2.19 There would be benefit in OTA continuing to monitor opportunities to  improve the FDC Workshops. National studies of donor family experiences  provide  an  indication  of  issues  which  the  FDC  Workshops  may  need  to  address  further.  For  example,  a  national  study  of  donor  family  experiences  during 2010 and 2011 suggested that the language used by medical staff in  discussion with families was an issue in some instances.54 Eighteen per cent of 

                                                      

51 OTA consulted with the DonateLife State Medical Directors and Agency Managers in July 2011 to determine the most appropriate requesting model to promote in the training and decided on the collaborative requesting model. The collaborative requesting model involves a team-based approach involving the intensive care specialist, a DonateLife trained requestor and relevant health professionals raising the opportunity for organ and tissue donation with families once they understand that death has occurred or is expected to occur. The model promotes a ‘balanced’ approach to communicating with families, which includes explaining the positive aspects of donation while reassuring families that any decision they make will be supported. This approach differs from the ‘neutral’ approach to explaining organ and tissue donation previously adopted in most hospitals, which did not involve discussing the positive aspects of donation.

52 Discussed in paragraph 2.5. 53 CICM trainees registered from 1 January 2015 are required to complete the FDC training. 54 This study was undertaken in 2013-14 and released by OTA in 2014. Organ and Tissue Authority, National study of family experiences of organ and tissue donation: Wave 1-2010 and 2011, OTA,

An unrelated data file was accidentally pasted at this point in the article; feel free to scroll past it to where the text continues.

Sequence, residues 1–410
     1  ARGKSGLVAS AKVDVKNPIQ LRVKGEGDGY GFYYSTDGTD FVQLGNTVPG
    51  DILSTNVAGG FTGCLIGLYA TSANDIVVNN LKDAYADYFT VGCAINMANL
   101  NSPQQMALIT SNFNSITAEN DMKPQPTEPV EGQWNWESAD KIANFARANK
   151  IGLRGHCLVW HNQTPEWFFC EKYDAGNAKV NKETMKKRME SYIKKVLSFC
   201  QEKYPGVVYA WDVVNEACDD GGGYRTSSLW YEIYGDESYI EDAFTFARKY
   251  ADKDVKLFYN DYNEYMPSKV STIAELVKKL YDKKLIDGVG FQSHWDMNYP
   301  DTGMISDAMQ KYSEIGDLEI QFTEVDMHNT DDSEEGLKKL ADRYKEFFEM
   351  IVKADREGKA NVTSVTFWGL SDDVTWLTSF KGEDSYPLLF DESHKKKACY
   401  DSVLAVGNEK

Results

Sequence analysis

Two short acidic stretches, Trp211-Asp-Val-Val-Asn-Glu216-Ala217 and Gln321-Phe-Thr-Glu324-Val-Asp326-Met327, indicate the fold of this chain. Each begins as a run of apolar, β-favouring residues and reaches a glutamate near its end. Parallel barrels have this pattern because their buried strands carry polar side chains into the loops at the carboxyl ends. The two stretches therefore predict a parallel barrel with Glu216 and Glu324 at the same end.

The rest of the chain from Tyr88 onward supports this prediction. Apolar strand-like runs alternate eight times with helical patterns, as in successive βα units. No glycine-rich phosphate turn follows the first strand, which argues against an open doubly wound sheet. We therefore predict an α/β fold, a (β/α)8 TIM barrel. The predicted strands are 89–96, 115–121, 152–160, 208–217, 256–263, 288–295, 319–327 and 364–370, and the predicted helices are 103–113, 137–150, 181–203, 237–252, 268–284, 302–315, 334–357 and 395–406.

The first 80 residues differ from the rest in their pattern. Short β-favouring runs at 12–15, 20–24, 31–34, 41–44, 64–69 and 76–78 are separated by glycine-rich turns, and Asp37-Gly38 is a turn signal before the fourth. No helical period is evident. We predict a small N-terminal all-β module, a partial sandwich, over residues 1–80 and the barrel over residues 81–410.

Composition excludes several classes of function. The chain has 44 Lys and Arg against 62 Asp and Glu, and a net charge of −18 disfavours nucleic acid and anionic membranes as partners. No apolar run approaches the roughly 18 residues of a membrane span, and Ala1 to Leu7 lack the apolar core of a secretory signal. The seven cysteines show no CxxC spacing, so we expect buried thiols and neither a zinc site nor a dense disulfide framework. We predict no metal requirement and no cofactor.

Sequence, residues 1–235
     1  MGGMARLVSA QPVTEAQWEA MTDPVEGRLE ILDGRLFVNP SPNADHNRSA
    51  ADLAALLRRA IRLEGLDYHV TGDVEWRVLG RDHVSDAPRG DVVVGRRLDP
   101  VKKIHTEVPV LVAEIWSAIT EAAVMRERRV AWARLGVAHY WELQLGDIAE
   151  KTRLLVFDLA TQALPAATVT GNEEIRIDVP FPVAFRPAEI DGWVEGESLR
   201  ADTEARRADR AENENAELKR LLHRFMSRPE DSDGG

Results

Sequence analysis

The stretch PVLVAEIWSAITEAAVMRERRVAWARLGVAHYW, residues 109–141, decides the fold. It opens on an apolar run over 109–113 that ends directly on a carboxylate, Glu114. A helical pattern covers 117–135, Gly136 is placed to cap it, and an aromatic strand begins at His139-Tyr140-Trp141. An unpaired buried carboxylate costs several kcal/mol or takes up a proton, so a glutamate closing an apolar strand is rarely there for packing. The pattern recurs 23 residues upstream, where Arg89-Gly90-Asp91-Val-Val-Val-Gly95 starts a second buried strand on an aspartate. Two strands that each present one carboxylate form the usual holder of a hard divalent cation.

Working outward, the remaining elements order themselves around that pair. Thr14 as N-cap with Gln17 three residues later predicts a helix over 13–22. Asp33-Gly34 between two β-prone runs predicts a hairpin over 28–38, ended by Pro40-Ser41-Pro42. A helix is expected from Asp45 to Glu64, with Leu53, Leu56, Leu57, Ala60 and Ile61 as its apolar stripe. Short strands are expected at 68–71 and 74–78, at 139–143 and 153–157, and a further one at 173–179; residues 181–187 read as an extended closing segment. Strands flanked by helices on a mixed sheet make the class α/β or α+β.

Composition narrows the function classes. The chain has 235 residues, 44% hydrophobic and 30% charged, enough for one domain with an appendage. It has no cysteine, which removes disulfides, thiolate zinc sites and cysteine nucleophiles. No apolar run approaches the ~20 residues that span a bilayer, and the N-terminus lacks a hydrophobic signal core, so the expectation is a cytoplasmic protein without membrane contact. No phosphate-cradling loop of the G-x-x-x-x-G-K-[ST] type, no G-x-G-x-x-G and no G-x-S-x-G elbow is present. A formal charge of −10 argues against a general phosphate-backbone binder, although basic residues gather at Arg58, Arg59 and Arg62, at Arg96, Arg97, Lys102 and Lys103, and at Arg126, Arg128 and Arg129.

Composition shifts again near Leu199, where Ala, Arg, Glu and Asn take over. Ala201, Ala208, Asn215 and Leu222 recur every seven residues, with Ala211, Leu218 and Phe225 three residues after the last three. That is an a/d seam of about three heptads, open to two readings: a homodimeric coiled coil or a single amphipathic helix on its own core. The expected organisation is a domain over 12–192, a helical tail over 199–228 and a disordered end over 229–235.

2014, Canberra.

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study participants only ‘somewhat’ agreed that the language used by medical  staff was clear and easy to understand and 14 per cent of participants only  ‘somewhat’ agreed that they had sufficient opportunity to ask questions.  

2.20 There is also scope for OTA to consider introducing variations of the  FDC  Workshops  to  more  effectively  target  the  needs  of  staff  involved  in  end‐of‐life patient care. In discussing the review of the Professional Education  Package  implemented  in  2014,  members  of  OTA’s  Jurisdictional  Advisory  Group55 suggested that an abridged version of the FDC could be introduced for  staff who are not involved in requesting consent but who are involved with  supporting donor families.  

Measurement of the workshops

2.21 OTA  collects  feedback  from  participants  following  the  FDC  Workshops. OTA advised the ANAO that feedback is reviewed by facilitators  at the conclusion of the first day of training so that any issues or concerns are  addressed on the second day. Further, OTA’s National Training Coordinator  reviews  feedback  from  each  workshop  and  discusses  any  issues  with  facilitators and local DonateLife Agencies, if necessary. The Coordinator also  provides feedback to OTA to be considered for review and so that feedback  can be circulated to all facilitators.